German Shepherd Puppy

German Shepherd Puppy Buying Guide for All In 2018

You’ve decided you want a German Shepherd Puppy, so what comes next?

To begin with, make sure you understand what German Shepherd Dogs are all about. Make sure you understand the heritage of the breed. The German Shepherd is a member of the Pastoral Group of dogs. That is to say, it is a working dog. It is a dog that requires a considerable amount of exercise and training.

Watch the video to understand more about German Shepherd Puppy or adult breed.

Buy your German Shepherd Puppy only from a Kennel Club registered breeder. It is not to say that a non-registered German Shepherd breeder cannot produce a perfectly healthy and happy German Shepherd. It is not to say that a non-registered breeder cannot produce a dog that meets the Kennel Club breed standards when it comes to size and proportions, etc.

German Shepherd Puppy

But by buying from a registered breeder you are buying a known and well-documented history. You will know the history of your German Shepherd’s parents and grandparents.

You will know that they were happy, healthy, well-adjusted dogs so you can be fairly certain that your dog will turn out the same. It’s called genetics but really, from you the prospective German Shepherd puppy owner’s perspective, it’s all about buying a known quantity.

The more you learn, the more you will ‘understand’ the breed. Buying a German Shepherd puppy is a considerable investment, not simply in terms of the purchase price, but in terms of the cost of maintaining your dog throughout its life. Learn more about the breed in the video

Understand what potential health issues are inherent in German Shepherd Puppy. Every breed has potential health issues that are inherent to that particular breed. In the case of German Shepherd, for example, hip dysplasia is a known issue. So check what hip score your puppy has and what score its mother has.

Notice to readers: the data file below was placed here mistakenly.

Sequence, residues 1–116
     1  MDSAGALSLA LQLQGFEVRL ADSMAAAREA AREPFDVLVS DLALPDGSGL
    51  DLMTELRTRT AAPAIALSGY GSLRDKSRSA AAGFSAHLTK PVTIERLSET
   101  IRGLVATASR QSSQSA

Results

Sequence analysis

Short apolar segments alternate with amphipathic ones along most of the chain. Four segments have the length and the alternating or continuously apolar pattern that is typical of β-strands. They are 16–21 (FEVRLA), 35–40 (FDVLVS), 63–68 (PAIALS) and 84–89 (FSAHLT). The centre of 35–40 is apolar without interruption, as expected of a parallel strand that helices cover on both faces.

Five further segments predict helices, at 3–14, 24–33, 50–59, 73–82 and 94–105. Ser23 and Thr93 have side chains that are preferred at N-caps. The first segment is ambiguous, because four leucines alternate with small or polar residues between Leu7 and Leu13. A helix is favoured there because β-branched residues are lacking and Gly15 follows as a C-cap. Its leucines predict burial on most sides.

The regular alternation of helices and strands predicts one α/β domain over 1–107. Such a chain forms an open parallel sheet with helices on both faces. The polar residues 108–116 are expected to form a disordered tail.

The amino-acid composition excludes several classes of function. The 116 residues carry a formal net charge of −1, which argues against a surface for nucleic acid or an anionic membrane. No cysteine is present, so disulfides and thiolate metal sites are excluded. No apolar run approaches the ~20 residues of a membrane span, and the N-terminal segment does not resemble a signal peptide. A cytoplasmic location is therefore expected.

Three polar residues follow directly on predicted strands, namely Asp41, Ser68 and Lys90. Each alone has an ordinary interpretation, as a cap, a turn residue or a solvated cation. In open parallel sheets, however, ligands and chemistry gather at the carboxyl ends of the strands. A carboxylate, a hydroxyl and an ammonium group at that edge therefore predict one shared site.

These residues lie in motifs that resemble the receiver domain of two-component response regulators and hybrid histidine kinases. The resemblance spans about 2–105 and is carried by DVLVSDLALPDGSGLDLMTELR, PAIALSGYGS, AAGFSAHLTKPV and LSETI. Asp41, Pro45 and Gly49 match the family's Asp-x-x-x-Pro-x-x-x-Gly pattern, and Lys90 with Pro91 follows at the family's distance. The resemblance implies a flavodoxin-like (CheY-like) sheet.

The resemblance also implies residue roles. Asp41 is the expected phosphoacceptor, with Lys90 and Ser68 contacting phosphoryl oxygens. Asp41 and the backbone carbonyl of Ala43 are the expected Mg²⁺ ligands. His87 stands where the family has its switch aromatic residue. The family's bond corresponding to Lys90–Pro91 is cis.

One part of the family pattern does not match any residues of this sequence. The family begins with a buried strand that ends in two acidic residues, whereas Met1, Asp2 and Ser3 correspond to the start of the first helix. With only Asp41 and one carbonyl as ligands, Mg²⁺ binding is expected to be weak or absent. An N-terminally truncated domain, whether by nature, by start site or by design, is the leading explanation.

Always insist on seeing your German Shepherd Puppy where it was born. View the surroundings it has known throughout its short life. Put yourself in your puppy’s place and ask yourself if you would be happily brought up in those surroundings. Then you can better decide if those surroundings are conducive to the development of a healthy and happy puppy. For example, is it clean, is it well maintained?

German Shepherd Puppy

Always insist on seeing your German Shepherd Puppy siblings, and particularly its mother. Does the whole litter look healthy and happy? Do they look clean and well cared for? Does the mother display the characteristics you are looking for in your puppy?

We don’t just mean physical characteristics but in terms of her temperament. Don’t just go on looks. How does she behave? Is she sociable? Does she behave the way you want your pup to behave?

Don’t be afraid to ask questions of your breeder. Apart from the fact that they should be able to easily answer all the questions you ask, your interest will give the breeder added comfort in knowing that you care enough to ask the questions in the first place. Any good breeder will not just be interested in selling their pups; they will want to know that they are being sold to a responsible and caring owner.

Never, ever, agree to buy a puppy without first seeing it!

 Always make sure that your breeder has a full set of documentation for your puppy. That it is to hand and ready to be taken away with you. Check the Kennel Club registration paperwork. Check the inoculation records are correct. Make sure those records apply to your particular puppy. 

Check that your puppy seems healthy before you take him home with you. Make sure you have a diet sheet so you know what food your puppy is currently taking and what food to continue giving him.

Check your German Shepherd Puppy current medical condition. Has it been wormed and when? When was it inoculated? Has it been treated for fleas? Has it been microchipped?

Before you go to pick up your puppy, go shopping for all the things you’ll need when you bring him home. He’ll need a bed, food and drinking bowls, a collar and lead, grooming equipment, and a blanket so he can make his own bed in his new home.

As soon as you get home, make an appointment with your local vet to make sure everything is in order with your German Shepherd Puppy. It will be a chance for the two of them to get to know one another!

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